The San Joaquin Valley and its eight counties have long struggled with some of the nation’s worst air quality. Despite major strides over the decades, state lawmakers claim local air districts are moving too slowly and need more state oversight to pressure the agencies into meeting federal standards.

“This status quo is not acceptable,” said Fresno Assemblymember Joaquin Arambula, during a recent policy committee hearing. “In the face of a decades-long health crisis, the California Air Resources Board (CARB) must engage more strongly on this.”

Bakersfield, the Fresno region and Visalia top the list of cities with the most year-round particle pollution, according to the American Lung Association. Fresno County alone has more than 65,000 cases of adult asthma and nearly 20,000 cases of pediatric asthma, with about one in five children throughout the valley living with asthma. The bad air quality has adverse impacts to childhood development, leads to missed days of work and has both immediate ailments and long-term chronic conditions, according to Arambula, who worked as an emergency room physician before taking office.

He charged that the San Joaquin Valley Air Pollution Control District has not met federal standards for ambient air quality that were established 25 years ago.

“It is the state's responsibility to ensure that everyone—including our people who live in the San Joaquin Valley—can breathe cleaner air and not suffer from the impacts of pollution,” he said.

PM 2.5 emissions

In 1959 California enacted legislation requiring the state Department of Public Health to establish air quality standards and necessary controls for motor vehicle emissions. California law continues to mandate California ambient air quality standards (CAAQS), which are often more stringent than national standards. Particulate matter emissions—along with several other categories of air pollution—are a concern in the San Joaquin Valley. In addition to PM10 and PM2.5 (shown above), the state monitors several other pollutants, with the largest source of all pollutants from the transportation sector. (Image: San Joaquin Valley Air Pollution Control District)

To address this, Arambula has proposed a measure that would require CARB to take regulatory and enforcement actions in air districts that have fallen behind on air quality standards—in the valley as well as within nine other air districts.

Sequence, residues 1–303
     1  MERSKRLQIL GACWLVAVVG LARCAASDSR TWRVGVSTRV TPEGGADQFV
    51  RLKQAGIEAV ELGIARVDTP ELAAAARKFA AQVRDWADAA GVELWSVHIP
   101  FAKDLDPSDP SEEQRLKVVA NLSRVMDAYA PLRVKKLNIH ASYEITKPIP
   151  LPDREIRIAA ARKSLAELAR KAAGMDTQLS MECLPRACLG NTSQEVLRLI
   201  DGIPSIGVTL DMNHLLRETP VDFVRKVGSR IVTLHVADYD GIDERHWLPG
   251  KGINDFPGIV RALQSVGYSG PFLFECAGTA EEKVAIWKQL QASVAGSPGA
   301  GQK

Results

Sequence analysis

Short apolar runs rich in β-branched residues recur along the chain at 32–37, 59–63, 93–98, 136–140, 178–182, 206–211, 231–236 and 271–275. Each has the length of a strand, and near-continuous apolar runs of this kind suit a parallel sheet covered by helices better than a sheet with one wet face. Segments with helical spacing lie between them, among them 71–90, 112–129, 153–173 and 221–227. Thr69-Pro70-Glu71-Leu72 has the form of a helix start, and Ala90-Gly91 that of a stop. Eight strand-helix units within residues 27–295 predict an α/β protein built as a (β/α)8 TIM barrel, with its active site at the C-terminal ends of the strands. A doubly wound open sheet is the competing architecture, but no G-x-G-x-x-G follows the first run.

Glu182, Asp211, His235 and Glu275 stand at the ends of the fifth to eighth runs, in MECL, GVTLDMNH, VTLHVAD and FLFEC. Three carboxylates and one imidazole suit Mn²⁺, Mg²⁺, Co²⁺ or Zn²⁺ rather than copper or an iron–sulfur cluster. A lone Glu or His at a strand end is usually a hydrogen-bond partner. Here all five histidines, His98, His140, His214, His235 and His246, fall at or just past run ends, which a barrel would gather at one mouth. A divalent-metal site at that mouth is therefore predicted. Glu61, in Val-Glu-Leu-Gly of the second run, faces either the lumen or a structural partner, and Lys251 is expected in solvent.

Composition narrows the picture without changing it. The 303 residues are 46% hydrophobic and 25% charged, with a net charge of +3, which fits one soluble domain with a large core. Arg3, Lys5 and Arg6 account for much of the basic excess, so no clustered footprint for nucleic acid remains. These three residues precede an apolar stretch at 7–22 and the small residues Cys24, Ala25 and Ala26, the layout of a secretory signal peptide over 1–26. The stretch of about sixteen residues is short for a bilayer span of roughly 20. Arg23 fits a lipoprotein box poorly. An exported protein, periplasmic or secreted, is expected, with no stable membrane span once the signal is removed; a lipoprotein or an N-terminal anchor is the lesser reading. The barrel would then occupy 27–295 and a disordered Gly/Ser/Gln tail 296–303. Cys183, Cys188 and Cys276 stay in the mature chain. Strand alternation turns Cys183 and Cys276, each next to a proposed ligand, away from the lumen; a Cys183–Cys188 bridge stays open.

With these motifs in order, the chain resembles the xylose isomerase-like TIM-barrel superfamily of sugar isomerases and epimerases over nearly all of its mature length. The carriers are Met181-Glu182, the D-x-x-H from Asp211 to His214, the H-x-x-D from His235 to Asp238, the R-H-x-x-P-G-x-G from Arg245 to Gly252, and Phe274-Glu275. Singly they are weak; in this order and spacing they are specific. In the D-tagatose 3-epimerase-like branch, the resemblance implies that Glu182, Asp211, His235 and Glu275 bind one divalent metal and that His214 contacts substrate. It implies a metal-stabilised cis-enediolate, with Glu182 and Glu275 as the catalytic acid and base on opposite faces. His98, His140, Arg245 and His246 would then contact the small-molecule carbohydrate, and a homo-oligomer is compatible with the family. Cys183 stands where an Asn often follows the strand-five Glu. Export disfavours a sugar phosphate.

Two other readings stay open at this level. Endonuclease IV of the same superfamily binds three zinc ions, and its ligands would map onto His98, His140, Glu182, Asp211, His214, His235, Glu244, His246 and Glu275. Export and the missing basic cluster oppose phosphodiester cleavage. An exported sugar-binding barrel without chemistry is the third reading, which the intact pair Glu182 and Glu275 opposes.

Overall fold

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“More people in our region die each year from fine particle pollution than car accidents,” said Catherine Garoupa White, executive director of the Central Valley Air Coalition, a group advocating for more progressive action on reducing air pollution impacts to socially disadvantaged communities, such as by halting state incentives for dairy digesters. “Given the district's long history of favoring industry at the expense of public health, we continue to blow through deadlines to meet standards that are so old, they can no longer be considered health protective.”

White said Arambula’s Assembly Bill 2550 would create a middle path between “a complete takeover of the air district or the current hands-off review.” She believed AB 2550 would elevate the voices of community-based organizations and disadvantaged communities within the planning process for meeting air quality standards.

Yet Tom Jordan, a policy advisor for the valley air district, argued the proposal ignores CARB’s existing oversight authority and the collaborative approach it takes with districts. He added that it would not provide any additional resources to help the district meet its goals and it would impede progress by layering on new mandates.

The single largest source of emissions, he pointed out, comes from the transportation sector, which falls primarily under CARB’s authority, while air districts focus on stationary source emissions—and have slashed that pollution by 90%. Stationary sources make up just 15% of nitrogen oxide emissions, for example, and the rest comes from mobile sources.

The valley has also reached federal attainment for some categories of ozone and fine particulate pollution. The air district has also been considering ways to promote more widespread adoption of conservation tillage practices to reduce dust and fulfill a commitment in the its 2018 PM2.5 State Implementation Plan.

Arambula responded to Jordan’s assertions by returning to his initial argument that “our communities of color have felt the impact of this bad air pollution for far too long” and the state bears responsibility.

Jordan also suggested Arambula and White were misconstruing a recent lawsuit against the district, which was part of a string of claims filed by a coalition of environmental groups over the valley’s PM2.5 plan. EPA ruled in favor of CARB and the air districts for all areas but one, where it noted a shortfall of $2.6 billion in incentive funding.

“On the stationary source side, we met the requirement of having the most stringent measures,” said Jordan. “Our rules are more stringent than any rule anywhere else throughout the country.”

White, however, viewed the decision as showing the district has a history of relying too heavily on incentive dollars, which is like “throwing money in a black hole.” She said even with the strong rules, the district lacks the enforcement needed to control polluters.

Arambula persuaded enough lawmakers to support AB 2550 that it passed two committees along party lines. But it narrowly gained a majority approval on the Assembly floor last week, with several moderate Democrats choosing not to vote on the measure. The bill awaits a committee hearing in the Senate.

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